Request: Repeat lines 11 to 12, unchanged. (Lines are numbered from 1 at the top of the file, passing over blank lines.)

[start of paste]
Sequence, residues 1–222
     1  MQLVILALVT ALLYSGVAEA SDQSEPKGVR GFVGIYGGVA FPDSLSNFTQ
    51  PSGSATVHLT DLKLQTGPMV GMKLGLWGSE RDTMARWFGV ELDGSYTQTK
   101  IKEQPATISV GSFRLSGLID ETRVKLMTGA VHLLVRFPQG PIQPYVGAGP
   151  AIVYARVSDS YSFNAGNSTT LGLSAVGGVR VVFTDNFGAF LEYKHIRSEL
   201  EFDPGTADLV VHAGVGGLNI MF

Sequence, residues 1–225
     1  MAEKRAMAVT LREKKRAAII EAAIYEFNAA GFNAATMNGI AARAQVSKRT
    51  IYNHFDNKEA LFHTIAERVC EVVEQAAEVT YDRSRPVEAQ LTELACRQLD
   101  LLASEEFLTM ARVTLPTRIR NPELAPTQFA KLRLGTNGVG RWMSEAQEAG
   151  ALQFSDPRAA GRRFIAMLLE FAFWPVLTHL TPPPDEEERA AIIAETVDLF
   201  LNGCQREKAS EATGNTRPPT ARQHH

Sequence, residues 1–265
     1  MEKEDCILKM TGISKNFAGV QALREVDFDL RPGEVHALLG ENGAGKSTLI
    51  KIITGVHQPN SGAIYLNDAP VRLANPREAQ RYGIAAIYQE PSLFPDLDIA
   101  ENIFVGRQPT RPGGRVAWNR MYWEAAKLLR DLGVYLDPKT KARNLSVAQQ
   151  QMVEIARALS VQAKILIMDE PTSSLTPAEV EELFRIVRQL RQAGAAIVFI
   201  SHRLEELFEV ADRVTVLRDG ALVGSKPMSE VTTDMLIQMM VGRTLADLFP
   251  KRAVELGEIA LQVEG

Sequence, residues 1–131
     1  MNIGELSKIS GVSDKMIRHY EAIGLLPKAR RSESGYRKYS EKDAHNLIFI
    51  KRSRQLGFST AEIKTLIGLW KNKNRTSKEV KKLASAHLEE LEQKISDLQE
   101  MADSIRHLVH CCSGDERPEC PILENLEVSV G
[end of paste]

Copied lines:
   151  ALQFSDPRAA GRRFIAMLLE FAFWPVLTHL TPPPDEEERA AIIAETVDLF
   201  LNGCQREKAS EATGNTRPPT ARQHH